Billionaire Richard Branson to ride out Hurricane Irma on his private Caribbean island
British billionaire and adventurer Sir Richard Branson will stay on his private Caribbean island, Necker, for the potentially devastating arrival of Hurricane Irma, the founder of the Virgin group of companies said on Tuesday.
Packing 185 mph (295 kph) winds, Hurricane Irma is due to reach the British Virgin Islands on Wednesday before grinding west across Haiti and Cuba then heading for the southern United States.
The storm is classified as a Category 5 hurricane, the highest level on the scale used by the National Hurricane Center to measure strength.
"We had some lovely guests staying on Necker Island who have cut their trip short for safety reasons, and another group of guests have also postponed," Branson said in a statement on the Virgin Group website.
"I will be on Necker alongside our team, as I have been on the three times we have had hurricanes over the past 30 years."
Necker, which has a large main house and several small Balinese-style houses that can accommodate about 34 people in total, is rented to private groups for $80,000 a night, according to its website. The island has more than 100 staff and two infinity pools.
Branson said Necker boasts "really strong" buildings with hurricane blinds "that should be able to handle extreme weather pretty well." He said their main concern was for British Virgin Islanders, who should make themselves as prepared as possible.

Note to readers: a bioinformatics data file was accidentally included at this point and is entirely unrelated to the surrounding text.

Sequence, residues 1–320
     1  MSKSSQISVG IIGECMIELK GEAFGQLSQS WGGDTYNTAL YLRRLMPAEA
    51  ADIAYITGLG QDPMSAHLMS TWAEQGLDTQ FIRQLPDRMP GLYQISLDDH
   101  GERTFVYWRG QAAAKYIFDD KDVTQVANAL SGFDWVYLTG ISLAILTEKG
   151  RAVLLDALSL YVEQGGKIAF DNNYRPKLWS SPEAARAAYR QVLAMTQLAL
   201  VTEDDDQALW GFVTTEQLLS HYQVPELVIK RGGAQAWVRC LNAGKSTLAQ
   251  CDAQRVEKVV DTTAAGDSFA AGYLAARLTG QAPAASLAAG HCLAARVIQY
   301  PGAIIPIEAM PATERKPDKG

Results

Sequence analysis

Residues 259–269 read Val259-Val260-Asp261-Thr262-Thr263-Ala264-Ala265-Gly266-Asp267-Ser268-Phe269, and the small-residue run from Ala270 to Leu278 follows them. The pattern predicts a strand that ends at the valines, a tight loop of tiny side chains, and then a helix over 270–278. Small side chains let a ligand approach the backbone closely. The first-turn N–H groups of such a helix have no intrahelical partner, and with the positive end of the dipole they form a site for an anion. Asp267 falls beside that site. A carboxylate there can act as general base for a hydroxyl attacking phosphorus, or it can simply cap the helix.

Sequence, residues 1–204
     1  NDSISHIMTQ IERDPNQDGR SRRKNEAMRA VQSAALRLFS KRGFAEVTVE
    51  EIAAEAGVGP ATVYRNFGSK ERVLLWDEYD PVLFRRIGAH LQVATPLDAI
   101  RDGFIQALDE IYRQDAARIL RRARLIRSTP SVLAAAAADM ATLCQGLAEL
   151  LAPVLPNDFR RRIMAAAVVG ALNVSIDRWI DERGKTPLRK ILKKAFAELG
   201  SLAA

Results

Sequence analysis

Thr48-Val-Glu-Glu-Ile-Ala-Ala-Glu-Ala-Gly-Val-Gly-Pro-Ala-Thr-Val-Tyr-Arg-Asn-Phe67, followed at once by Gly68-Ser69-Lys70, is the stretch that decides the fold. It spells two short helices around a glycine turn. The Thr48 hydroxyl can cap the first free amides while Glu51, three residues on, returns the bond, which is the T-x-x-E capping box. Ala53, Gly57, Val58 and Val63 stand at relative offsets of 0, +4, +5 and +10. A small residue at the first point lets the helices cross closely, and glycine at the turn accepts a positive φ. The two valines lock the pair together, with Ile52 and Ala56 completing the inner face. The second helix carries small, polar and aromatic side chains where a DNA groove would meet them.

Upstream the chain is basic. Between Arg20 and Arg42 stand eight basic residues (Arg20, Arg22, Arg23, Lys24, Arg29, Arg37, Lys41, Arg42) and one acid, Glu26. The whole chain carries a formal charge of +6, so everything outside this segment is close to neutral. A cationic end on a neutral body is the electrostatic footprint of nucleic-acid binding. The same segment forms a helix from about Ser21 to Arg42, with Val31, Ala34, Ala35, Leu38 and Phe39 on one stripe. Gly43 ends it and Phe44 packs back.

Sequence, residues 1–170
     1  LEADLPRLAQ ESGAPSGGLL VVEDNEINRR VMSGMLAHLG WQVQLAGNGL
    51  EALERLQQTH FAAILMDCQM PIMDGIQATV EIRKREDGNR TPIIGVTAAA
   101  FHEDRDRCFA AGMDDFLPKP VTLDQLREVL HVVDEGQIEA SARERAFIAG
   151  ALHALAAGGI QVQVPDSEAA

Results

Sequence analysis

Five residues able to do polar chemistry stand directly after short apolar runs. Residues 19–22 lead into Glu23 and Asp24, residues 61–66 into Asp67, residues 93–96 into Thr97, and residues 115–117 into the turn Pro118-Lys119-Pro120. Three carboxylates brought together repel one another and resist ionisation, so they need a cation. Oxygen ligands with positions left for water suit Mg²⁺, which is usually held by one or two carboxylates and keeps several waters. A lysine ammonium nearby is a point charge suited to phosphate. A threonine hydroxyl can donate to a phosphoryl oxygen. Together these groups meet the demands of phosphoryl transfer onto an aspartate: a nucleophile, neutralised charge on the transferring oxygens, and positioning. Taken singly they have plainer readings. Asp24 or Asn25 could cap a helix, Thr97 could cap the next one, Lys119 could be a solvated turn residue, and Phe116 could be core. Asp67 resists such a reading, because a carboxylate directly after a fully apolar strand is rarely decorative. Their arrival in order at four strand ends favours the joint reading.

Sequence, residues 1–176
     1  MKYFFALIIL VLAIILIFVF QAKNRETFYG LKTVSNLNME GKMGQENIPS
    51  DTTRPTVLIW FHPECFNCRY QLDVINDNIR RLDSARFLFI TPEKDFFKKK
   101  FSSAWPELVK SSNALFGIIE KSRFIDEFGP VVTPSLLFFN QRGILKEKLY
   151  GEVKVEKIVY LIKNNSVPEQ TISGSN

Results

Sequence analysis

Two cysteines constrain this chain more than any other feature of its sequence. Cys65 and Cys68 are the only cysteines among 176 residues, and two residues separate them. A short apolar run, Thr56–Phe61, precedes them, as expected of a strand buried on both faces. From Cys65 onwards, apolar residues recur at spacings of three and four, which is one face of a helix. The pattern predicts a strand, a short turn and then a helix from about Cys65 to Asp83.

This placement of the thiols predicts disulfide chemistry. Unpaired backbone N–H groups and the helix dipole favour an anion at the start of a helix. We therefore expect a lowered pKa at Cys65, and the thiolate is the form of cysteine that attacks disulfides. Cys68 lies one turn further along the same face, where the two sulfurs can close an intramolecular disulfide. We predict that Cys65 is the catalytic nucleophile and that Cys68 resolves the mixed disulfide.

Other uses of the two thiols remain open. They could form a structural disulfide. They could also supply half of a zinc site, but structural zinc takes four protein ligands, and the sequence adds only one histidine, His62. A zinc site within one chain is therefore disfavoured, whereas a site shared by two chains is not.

"Whatever happens, keep inside, away from the ocean and away from flying debris," Branson wrote.
Recalling seeing two powerful hurricanes, Earl and Otto, strike the British Virgin Islands in 2010, Branson said he had beheld nature "at its most ferocious."
And he noted the damage done in Texas and Louisiana by Hurricane Harvey, which came ashore as the second-strongest Category 4 storm and destroyed thousands of homes and businesses, killed an estimated 60 people and displaced more than 1 million more.
Harvey was a "tragic and costly reminder" that society is not doing enough to tackle climate change, Branson wrote.
"If Irma is any indication, we must brace ourselves for more of these catastrophic weather events."